India Myanmar Border Trade Agreement 1994

India and Myanmar have signed a bilateral Investment Promotion and Protection Agreement (BIPPA) and an Agreement on the Prevention of Double Taxation (DBAA). These agreements aim to provide an easy flow of bilateral investment and corporate profits, as well as tax issues. Both agreements have been ratified by India and Myanmar. The governments of India and Myanmar have set a target of $1 billion in 2006/2007, but available trade figures show that they are well below the desired value. While India-Myanmar shares trade relations in many areas, they can continue to develop trade relationships in areas such as pharmacy, health, transportation, food processing, steel, renewable energy, communications, education and others that can help both countries revitalize and create jobs. Given the suboptimal evolution relative to trade and investment, there is enormous potential and optimism to expand its potential. The Indian Ministry of Trade is working to identify sectors and opportunities for improved trade between the two countries. Myanmar`s LDC status can also be an advantage for Indian companies they can benefit from, as they have a production base in Myanmar. Border markets are open weekly from Monday to Thursday and from 7:30 a.m. to 3:30 p.m. Indian time, and from 10 a.m. to 6 p.m. Chinese time would be the dates of border trade.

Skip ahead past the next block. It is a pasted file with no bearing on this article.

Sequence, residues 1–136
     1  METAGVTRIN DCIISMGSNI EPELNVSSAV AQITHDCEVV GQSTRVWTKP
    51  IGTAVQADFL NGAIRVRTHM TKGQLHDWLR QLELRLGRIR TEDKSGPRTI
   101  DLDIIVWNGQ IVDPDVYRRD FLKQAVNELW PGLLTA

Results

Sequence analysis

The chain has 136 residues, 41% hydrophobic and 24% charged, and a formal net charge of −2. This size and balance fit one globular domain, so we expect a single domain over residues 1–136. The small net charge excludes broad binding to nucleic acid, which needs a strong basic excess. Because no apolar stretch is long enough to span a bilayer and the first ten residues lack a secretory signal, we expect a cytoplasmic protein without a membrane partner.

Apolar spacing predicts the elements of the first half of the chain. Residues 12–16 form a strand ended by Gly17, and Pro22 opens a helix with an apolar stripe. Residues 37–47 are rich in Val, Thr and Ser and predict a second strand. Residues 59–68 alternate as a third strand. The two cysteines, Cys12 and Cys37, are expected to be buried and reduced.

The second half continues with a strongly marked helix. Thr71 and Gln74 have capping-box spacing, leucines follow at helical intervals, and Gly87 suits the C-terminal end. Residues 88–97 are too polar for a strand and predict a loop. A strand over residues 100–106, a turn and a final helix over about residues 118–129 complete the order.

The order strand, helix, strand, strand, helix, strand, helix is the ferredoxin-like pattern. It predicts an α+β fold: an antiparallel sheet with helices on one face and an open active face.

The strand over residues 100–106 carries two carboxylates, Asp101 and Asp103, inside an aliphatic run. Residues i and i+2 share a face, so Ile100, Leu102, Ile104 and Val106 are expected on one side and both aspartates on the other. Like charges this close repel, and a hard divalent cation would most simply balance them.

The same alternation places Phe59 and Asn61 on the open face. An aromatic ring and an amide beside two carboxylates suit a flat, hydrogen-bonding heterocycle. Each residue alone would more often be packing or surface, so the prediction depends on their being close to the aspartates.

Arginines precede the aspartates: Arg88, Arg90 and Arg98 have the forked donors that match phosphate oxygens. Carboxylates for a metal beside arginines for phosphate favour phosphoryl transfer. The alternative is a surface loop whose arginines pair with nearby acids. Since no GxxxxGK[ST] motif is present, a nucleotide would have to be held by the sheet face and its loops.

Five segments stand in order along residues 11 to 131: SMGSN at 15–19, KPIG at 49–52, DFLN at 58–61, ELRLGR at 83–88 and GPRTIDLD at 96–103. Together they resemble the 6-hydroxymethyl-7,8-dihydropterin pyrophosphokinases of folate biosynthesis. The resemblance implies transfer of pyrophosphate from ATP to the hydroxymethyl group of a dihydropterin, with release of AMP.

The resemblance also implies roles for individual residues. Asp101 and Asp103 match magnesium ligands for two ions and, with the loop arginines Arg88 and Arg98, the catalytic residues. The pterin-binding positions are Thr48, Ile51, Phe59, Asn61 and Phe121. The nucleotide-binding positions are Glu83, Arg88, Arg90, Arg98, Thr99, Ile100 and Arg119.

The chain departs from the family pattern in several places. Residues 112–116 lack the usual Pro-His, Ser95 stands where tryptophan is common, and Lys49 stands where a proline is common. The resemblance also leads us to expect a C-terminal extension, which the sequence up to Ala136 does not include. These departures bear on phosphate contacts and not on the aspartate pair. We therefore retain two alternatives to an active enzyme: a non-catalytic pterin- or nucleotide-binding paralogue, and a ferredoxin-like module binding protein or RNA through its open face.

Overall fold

Myanmar 🇲🇲 India 🇮🇳 border trade is increasing by more than $27 million. (via The Global New Light of Myanmar) The gap has helped divert trade to informal channels where exporters can achieve value at the unofficial exchange rate. The overvalued official exchange rate is not only a deterrent to conducting business activities in the official channel, but also does not provide many opportunities for banks to manage foreign exchange transactions. The lack of participation of banks and other financial institutions appears to be a weakness in the trading system. India and Myanmar share a common border of 1,643 kilometres along the Potkai Hills.